Blogger offers a Hand to Create a Scary Halloween Punch

Mark Hamanderson Offers Great Advice on How to Make a Frozen Hand for your Halloween Punch Bowl.  The following is from his blog.   Making a hand of ice is pretty easy: fill a glove with water and put it in the freezer. That said, the following tips will help.

The mold

frozen hand ice mold
Photo by

My advice is to use a flimsy dishwashing glove. You can, of course, use a latex glove (as for medical exams) or nitrate glove (as for automotive work), but the drawback for these is that lefts and rights are interchangeable; they look less like a real hand because the thumb is positioned improperly.

Suspending it in the freezer

hanging glove
Use skewers to suspend the glove

You’ll need a way to suspend your glove in the freezer while the water crystallizes. I recommend driving a pair of skewers (as for shish kebabs) through the glove from perpendicular angles about an inch or so below the wrist opening. Then you can hang your glove inside an empty oatmeal box (you know, the round sort)*.

Avoiding swelling

Water expands as it freezes, which can give your frozen hand and unnatural degree of swelling in the palm, looking quite as though it had suffered a number of bee stings. To minimize this, add just a bit of water at a time to your glove, wait for it to freeze, add more water, etc.

Where to stop

Don’t fill the glove further than the base of the hand. An ordinary wrist is narrower than the hand, but dishwashing gloves are not that shape.

How to make an ice hand mold
*To keep its shape, hang the glove inside an empty oatmeal box.

Protecting the fingers

When you remove your dishwashing glove from the frozen hand, the fingers are liable to snap off. That’s okay. Apply a bit of water to the break, restore the severed finger to its place, hold it so for a couple of seconds, and put it back in the freezer for a little while.

Frost-free freezers

My advice is to not make your ice hand far in advance. Modern domestic freezers are all ‘Frost free’, which means that they periodically (all too frequently) go through periods of thawing and freezing. This will wreak havoc on your hand of ice. In the end, my hand’s fingers became shortened and clawlike.

And this is what the result should look like:

Screaming Red Punch with a Hand
Photo: Kevin Kennefick for Storey Publishing

Screaming Red Punch with a Hand

Lygeia Grace, a Simply Stated Contributor offers this recipe.


  • 1 new (non-powdered preferred) rubber surgical glove (or the dishwashing glove as shown above)
  • 2 quarts apple juice
  • 2 quarts cranberry juice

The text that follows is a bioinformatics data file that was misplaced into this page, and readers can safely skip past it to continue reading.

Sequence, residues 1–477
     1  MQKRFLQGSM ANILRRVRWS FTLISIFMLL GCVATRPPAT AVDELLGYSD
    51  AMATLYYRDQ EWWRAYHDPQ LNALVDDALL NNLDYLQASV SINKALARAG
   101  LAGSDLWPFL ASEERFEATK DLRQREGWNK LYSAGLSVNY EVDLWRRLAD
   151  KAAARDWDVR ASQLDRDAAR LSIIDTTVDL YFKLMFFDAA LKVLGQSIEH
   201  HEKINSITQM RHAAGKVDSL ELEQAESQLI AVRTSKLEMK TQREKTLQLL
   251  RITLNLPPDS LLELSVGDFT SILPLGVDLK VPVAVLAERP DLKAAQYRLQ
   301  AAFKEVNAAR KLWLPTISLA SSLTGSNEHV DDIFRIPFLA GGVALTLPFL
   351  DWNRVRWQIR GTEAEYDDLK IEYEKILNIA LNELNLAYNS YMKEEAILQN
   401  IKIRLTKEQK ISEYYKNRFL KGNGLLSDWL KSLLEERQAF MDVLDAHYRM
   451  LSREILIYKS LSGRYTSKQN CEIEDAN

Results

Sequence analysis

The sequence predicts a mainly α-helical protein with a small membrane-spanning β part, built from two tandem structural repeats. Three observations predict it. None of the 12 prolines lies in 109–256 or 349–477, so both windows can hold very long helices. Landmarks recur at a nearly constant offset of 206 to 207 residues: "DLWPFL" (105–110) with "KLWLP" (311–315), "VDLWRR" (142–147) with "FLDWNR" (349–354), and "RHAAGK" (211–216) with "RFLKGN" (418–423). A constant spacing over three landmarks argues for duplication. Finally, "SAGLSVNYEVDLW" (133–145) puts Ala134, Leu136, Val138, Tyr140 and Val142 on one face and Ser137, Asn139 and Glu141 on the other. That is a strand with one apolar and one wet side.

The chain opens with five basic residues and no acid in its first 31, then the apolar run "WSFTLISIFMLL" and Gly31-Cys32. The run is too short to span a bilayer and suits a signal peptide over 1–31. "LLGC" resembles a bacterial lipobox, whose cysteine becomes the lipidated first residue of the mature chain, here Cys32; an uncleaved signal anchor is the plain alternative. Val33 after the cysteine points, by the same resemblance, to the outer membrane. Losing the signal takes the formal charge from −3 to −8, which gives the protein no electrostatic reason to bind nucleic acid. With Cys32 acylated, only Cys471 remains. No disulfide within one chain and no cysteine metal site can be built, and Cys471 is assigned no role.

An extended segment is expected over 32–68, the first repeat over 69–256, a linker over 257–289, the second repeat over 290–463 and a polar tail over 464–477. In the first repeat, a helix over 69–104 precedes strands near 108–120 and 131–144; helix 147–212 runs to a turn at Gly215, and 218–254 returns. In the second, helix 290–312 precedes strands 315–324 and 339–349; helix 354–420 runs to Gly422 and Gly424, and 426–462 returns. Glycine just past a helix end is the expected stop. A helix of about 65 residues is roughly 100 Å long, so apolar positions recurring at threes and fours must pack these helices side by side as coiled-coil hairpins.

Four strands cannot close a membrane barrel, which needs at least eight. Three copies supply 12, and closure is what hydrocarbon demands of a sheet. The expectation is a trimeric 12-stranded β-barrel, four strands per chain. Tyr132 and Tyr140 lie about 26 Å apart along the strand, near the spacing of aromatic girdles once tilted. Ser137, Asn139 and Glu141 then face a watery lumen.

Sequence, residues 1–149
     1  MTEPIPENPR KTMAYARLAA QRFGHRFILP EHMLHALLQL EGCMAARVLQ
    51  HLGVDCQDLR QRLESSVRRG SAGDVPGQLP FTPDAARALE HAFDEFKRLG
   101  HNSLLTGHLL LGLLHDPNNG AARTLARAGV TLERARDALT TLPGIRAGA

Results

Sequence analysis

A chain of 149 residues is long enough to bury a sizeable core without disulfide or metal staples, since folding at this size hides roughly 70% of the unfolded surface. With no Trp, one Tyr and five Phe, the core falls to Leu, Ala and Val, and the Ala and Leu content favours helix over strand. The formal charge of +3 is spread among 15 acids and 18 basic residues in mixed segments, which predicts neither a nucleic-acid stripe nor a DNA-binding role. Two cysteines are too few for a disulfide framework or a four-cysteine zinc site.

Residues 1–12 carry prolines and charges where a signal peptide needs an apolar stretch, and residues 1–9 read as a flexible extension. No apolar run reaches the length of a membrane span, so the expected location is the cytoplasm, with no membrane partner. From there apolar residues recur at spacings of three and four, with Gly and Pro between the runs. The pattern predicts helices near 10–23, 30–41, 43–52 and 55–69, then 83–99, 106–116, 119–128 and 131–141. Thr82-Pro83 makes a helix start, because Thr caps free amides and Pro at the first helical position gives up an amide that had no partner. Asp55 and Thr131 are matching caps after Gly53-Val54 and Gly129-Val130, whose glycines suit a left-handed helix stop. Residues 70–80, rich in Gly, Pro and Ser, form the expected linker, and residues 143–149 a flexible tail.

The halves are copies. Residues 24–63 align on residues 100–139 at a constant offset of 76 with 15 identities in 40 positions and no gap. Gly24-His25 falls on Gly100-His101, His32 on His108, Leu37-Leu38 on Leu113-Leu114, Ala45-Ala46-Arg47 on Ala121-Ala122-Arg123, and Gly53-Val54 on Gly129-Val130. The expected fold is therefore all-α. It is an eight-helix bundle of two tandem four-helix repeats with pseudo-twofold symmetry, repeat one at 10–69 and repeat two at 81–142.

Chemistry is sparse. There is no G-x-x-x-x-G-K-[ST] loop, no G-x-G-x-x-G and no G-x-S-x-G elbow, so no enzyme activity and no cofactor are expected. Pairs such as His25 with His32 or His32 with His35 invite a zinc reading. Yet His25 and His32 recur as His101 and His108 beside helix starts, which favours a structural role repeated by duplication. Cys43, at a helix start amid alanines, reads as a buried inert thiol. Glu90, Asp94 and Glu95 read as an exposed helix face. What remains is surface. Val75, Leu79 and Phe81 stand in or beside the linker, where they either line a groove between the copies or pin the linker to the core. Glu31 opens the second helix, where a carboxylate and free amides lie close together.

• 2 liters ginger ale


  1. Unless using the instructions above for the dishwashing glove, rinse the rubber surgical glove inside and out several times with cold water to make sure it doesn’t have any powder coating. Fill with water and tie the wrist tightly closed with a twist tie. Freeze solid.
  2. Mix the juices and ginger ale in a large punch bowl. Cut the glove carefully off the hand and fingers with a sharp scissors and float the molded hand in the punch.
  3. Enjoy.

The Arnold Palmer drink

Golfer Arnold Palmer rising a glass of his signature drink.

Cheers! Golfer Arnold Palmer lifts a glass of his namesake: half tea, half lemonade.

The man himself sets the record straight in an entertaining new 30 for 30 short, “The Arnold Palmer.”

“My wife made a lot of iced tea for lunch, and I said, ‘Hey babe, I’ve got an idea.’ You make the iced tea and make a big pitcher, and we’ll just put a little lemonade in it and see how that works. We mixed it up, and I got the solution about where I wanted it and I put the lemonade in it. I had it for lunch after working on the golf course. I thought, ‘Boy, this is great, babe. I’m going to take it when I play golf. I’m going to take a thermos of iced tea and lemonade.’ “

Palmer goes on to tell the story about how he was in a Palm Springs restaurant, ordered the drink to his specifications and was overheard by a woman sitting nearby. “I want an Arnold Palmer,” she told the waitress. “I want what he ordered.”

With that, a mixed drink was named and a legendary golfer extended his influence beyond the course. Ten years ago, the rights to the drink were sold to AriZona Beverage Co. Sales exceeded $100 million in 2010.

This was featured in the USA Today article by Chris Chase.